Stagflation Threat in the UK ?

March 23, 2022 | Author:Bullseye Financial

Stagflation fears

Stagflation is an economic term that had until recently been confined to the economic textbooks, with the major global economies having been immune to stagflation fears since the 1980s. As we have moved into 2022, however, economists, central bankers and market strategist have been quick to raise the spectre of the old enemy of stagflation.

What is stagflation

The economic situation in which growth is slow and unemployment high is called stagflation.  This term is used to describe a period where prices are rising while Gross Domestic Product (GDP) falls. The defining feature of stagflation is a period where there’s slow economic growth and usually high unemployment or an unemployment rate that is rising significantly, which goes hand in hand with appreciably rising prices (i.e. inflation). It can be alternatively defined as an era during which both GDP levels decrease significantly while prices rise across all sectors—not just those related directly to raw materials or agricultural produce like food items.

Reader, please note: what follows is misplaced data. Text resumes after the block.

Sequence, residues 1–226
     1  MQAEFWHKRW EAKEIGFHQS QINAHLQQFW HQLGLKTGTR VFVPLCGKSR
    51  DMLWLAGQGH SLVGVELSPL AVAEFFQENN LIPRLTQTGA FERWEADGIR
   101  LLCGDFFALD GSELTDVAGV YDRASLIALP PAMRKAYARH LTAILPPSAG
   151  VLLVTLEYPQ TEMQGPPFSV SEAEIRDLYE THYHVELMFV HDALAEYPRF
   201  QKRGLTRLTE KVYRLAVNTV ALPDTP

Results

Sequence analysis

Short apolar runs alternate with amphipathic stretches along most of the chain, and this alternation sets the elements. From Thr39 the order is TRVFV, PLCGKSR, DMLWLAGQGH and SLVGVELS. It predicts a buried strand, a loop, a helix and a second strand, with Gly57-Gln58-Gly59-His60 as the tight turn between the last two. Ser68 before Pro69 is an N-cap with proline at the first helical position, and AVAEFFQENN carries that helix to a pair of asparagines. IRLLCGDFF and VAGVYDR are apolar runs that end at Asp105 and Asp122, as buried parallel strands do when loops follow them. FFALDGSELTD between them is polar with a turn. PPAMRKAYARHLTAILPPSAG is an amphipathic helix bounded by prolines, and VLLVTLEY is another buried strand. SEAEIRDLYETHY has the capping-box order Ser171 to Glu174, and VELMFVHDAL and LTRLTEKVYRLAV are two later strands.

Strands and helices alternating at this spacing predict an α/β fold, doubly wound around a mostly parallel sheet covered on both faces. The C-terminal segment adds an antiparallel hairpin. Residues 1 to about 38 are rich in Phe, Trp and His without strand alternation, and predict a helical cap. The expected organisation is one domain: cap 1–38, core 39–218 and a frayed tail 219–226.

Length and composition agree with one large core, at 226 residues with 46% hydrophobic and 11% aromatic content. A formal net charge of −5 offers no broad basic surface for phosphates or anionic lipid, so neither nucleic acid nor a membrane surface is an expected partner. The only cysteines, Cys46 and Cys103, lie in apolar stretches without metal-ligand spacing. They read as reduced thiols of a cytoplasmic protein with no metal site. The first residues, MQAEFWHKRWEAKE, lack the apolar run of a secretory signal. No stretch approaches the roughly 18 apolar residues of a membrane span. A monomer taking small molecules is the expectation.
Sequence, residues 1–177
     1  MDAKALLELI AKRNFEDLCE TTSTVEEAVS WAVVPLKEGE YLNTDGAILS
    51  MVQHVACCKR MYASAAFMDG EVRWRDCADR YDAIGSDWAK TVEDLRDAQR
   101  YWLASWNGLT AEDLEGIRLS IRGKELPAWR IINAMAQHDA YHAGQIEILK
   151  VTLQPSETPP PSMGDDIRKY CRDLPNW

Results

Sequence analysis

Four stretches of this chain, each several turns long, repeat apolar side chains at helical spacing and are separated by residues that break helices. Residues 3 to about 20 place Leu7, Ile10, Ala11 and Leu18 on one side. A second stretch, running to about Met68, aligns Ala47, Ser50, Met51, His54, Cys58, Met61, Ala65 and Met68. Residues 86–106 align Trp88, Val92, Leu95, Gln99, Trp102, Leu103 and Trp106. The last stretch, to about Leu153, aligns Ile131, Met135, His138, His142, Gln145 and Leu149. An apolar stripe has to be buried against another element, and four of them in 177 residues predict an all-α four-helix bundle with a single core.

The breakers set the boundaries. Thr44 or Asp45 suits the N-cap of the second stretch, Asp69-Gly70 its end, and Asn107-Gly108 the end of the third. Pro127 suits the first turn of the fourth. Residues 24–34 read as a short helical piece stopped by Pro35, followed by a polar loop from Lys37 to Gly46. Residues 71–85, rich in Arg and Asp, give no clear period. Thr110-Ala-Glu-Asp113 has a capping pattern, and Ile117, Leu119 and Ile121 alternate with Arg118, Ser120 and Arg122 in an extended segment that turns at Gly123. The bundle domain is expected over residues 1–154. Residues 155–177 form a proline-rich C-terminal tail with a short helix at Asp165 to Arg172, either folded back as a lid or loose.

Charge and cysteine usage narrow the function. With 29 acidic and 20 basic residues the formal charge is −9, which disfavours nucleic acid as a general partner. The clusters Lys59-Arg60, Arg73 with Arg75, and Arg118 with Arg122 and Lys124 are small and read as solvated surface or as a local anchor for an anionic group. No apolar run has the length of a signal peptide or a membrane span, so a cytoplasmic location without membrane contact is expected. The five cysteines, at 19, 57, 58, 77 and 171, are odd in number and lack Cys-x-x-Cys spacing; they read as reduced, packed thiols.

Stagnation (low growth/ recession)

One of the attributes of stagflation is a significantly slowing economy, one where GDP is falling and even for the potential for a recession, economically defined as two consecutive quarters of negative growth. Usually, however, an economic slowdown, goes hand in hand with low inflation rates, or even falling prices (deflation) as the total demand in the economy is contracting with GDP, putting downward pressures on prices.

Inflation (rising prices)

Conversely, increasing price rises and higher inflation rates are usually associated with periods of higher growth rates, when GDP is rising at or above the long run, optimal level. This is because stronger growth rates, equals stronger aggregate demand and as aggregate supply is slower to react to this increased demand, this puts upward pressures on prices, therefore inflation.

Stagflation in the past